said, that, provided malt was better food for cattle than barley, then he was prepared to concur in the statement of the hon. Member for Kent that the proposed measure was a boon not only to agriculturists but also to the consumers. The question, however, was not a new one, but had been before the country for the last thirty years. A Commission, consisting of Dr. Lyon Playfair, Dr. Thomson, and Mr. Thompson, was appointed in Scotland to consider the subject; and after a variety of experiments the Commission came to the conclusion that barley, in being malted, lost a portion of its valuable properties, and that raw barley was a better material for feeding cattle than malt. He warned the Chancellor of the Exchequer that by the proposed Bill he was merely doing something calculated to lead astray the agricultural mind. The measure would, it was to be feared, open the door to great fraud, and the farmhouses of England would become, in a great many instances, the scenes of illicit distillation.


said, he presumed that the malting-houses now at work would be allowed to make malt for the purpose of feeding cattle, for no persons would erect special buildings merely for a term of two or three years.


said, he approved of the Bill as far as it went. He hoped the experiments would be conducted in such a clear and simple form as would make them conclusive on the disputed point as to the value of malt for the feeding of cattle.


said, he wished to know a little more about the Bill before he did that which he felt inclined to do—namely, thank the Chancellor of the Exchequer for introducing the Bill. According to its provisions, as he understood them, in order to protect the revenue against fraud, the malting of barley for cattle-feeding would have to be carried on in a building separate from that in which barley was malted for brewing, and the Bill was to last for three years. But was it right to require the erection of special buildings for such an experimental purpose? Supposing it should turn out at the end of the three years that the system was a failure, all the expense would be thrown away. However, he would congratulate the Chancellor of the Exchequer on his having at last condescended to turn his attention to the interests of agriculture. He agreed with his hon. Friend behind him, that the Bill must not be taken as a substitute for the reduction or repeal of the malt duties. At most it should only be taken as an instalment of the large measure of justice which had so long been due to the great body of agriculturists. The agriculturists would have no attention paid to them till they bestirred themselves; but if they were persistent in their claims the Government would be obliged to attend to them, and they would obtain that justice with respect to legislation which the demands of other classes had put in their possession.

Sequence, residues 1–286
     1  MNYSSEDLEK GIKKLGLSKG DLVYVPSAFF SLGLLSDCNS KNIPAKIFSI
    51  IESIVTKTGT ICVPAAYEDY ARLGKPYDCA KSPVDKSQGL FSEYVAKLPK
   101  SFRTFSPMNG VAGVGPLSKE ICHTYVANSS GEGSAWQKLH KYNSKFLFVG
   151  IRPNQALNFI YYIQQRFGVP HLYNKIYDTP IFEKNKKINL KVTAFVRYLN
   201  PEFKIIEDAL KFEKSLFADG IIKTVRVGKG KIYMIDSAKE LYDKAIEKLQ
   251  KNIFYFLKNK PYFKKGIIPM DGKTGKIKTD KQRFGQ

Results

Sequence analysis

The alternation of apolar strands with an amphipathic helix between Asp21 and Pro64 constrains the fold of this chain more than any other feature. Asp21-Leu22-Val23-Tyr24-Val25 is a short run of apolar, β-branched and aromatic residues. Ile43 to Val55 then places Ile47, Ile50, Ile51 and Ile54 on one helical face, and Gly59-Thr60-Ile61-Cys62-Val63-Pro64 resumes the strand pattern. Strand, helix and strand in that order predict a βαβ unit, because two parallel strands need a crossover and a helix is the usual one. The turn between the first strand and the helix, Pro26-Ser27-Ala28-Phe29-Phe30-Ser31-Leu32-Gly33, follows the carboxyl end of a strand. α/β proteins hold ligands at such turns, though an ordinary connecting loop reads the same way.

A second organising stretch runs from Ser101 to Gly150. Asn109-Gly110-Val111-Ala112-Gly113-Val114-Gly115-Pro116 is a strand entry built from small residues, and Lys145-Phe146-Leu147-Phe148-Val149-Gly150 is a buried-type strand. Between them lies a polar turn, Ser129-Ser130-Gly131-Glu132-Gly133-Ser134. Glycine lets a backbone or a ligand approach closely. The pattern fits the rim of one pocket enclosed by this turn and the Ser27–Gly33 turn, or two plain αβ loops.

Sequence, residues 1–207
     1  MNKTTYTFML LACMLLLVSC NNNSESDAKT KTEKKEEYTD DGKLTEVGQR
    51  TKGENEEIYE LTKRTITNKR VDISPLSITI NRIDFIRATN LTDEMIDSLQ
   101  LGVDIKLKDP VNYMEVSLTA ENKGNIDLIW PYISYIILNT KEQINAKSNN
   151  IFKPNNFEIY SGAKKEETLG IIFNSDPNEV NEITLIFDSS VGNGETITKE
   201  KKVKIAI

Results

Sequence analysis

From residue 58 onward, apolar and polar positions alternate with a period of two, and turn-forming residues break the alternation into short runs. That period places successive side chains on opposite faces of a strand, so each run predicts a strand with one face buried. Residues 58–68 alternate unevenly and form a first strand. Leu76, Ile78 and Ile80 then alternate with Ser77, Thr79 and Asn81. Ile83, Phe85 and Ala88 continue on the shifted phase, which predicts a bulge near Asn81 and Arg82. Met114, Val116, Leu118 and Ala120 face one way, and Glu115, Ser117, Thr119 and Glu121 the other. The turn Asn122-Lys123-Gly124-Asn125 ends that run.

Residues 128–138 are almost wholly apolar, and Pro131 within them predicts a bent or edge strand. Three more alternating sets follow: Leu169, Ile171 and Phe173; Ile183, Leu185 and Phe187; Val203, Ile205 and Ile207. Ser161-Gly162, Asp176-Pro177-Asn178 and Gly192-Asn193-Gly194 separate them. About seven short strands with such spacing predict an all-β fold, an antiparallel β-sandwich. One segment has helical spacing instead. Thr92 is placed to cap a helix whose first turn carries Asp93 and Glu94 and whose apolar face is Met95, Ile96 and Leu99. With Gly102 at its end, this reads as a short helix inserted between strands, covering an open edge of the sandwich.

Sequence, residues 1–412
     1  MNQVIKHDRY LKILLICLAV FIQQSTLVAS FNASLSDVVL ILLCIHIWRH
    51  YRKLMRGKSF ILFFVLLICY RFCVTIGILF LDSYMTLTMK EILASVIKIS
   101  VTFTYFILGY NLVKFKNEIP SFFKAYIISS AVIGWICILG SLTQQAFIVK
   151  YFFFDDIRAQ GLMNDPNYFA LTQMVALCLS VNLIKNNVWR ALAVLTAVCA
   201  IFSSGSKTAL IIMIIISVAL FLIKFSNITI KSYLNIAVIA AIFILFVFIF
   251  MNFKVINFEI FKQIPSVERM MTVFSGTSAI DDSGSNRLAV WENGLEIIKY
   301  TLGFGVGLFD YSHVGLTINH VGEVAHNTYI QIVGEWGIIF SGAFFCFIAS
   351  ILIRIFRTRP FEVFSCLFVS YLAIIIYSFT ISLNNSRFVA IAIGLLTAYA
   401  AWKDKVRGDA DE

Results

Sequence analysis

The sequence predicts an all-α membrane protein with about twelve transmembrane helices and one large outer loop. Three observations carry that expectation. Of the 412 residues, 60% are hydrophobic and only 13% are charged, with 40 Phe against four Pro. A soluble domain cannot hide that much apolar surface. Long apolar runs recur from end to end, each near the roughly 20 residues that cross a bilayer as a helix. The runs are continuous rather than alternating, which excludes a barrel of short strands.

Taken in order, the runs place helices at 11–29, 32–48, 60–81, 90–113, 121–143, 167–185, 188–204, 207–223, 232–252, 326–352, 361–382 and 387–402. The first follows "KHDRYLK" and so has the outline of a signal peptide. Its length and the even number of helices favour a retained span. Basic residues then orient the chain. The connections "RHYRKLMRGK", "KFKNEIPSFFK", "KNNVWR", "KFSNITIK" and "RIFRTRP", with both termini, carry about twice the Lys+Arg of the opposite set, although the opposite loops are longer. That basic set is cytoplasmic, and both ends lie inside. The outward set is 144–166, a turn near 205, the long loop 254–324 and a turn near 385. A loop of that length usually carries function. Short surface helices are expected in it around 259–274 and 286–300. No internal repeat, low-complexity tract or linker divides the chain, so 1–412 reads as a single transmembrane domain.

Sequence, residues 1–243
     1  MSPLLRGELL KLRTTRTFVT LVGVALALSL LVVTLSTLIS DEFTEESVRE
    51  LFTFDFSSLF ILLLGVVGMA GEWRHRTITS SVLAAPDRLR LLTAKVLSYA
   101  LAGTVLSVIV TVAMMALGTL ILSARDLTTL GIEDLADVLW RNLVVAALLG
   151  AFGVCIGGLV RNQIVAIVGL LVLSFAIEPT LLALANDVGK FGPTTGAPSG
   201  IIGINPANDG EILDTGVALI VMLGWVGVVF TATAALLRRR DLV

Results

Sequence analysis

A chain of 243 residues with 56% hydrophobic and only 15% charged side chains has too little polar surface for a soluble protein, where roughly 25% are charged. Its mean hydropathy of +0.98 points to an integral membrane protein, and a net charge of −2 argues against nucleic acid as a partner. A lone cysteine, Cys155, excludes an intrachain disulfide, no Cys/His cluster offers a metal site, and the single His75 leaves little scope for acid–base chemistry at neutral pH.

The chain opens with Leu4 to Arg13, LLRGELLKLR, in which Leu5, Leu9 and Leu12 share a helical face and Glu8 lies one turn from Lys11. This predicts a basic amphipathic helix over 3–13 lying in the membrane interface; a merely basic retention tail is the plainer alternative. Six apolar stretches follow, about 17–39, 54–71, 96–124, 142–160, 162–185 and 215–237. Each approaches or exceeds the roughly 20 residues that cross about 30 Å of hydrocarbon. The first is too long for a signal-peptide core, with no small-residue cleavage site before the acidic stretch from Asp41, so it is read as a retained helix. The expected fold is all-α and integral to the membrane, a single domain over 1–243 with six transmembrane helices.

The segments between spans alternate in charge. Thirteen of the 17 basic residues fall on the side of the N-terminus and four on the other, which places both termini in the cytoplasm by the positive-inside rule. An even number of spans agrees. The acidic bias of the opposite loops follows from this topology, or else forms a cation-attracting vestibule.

said, that having felt a deep interest in the question, he had given it a good deal of consideration, and his conviction was that no one would erect offices for the special purpose in question, unless with a view at the same time to illicit operations. As to the mixing, brewers must be very much maligned, indeed, if they never put worse things in their beer than linseed. Notwithstanding the progress of the teetotal principles advocated by his hon. Friends behind him and the general dislike to adulterations, he suspected there would be found plenty of labourers in charge of cattle who would be glad of beer from malt, even though one in ten of linseed were mixed with it. It seemed to him that agriculturists were disposed rather to repudiate the concession and to go against the duty as a whole. If the duty generally were abolished, then the revenue would run no risk, but he was satisfied that if malt were allowed to be dried in this way, however it might be mixed with cattle food, the revenue would suffer. Without entering into the question of the relative merits of malt and barley for feeding purposes, he must remind Members that, at present, farmers were at liberty to malt barley for that object, on giving notice to the Excise and observing certain restrictions. He had recently entered into correspondence with some of the highest authorities on this question; and he had received a letter from Baron Liebig, stating that the drying of malt, that was of barley already germinated, instead of adding to its value as food, would rather diminish it.